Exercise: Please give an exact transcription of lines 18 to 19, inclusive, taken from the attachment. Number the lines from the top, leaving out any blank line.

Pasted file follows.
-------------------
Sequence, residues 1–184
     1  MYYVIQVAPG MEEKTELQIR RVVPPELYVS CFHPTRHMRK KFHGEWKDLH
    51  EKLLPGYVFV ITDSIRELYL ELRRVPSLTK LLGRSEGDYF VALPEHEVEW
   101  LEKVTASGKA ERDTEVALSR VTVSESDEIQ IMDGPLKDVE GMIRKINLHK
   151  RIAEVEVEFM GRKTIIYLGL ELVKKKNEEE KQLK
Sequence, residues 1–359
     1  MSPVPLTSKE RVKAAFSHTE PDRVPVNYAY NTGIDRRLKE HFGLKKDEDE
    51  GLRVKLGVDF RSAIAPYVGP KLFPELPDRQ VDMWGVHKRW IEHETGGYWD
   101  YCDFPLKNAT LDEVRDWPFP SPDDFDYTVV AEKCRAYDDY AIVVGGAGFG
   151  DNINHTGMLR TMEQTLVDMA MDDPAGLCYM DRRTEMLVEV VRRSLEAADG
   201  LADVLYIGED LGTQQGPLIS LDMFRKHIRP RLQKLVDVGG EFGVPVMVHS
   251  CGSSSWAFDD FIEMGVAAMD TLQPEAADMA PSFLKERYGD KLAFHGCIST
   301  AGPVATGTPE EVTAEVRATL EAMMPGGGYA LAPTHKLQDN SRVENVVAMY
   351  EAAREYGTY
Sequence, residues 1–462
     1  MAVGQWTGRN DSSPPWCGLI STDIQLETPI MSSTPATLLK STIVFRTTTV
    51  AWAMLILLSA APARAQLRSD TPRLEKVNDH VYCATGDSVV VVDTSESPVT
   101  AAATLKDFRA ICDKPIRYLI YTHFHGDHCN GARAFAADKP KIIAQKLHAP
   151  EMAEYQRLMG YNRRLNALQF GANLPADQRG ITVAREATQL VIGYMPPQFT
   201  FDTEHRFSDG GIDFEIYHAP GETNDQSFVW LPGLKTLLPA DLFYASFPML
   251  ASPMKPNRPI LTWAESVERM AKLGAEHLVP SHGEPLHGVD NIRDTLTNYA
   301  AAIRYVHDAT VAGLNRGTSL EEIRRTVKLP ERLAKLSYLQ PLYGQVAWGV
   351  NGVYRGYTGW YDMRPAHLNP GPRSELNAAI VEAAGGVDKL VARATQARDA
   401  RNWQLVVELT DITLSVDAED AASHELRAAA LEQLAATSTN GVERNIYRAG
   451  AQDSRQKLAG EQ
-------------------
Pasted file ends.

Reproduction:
   101  AAATLKDFRA ICDKPIRYLI YTHFHGDHCN GARAFAADKP KIIAQKLHAP
   151  EMAEYQRLMG YNRRLNALQF GANLPADQRG ITVAREATQL VIGYMPPQFT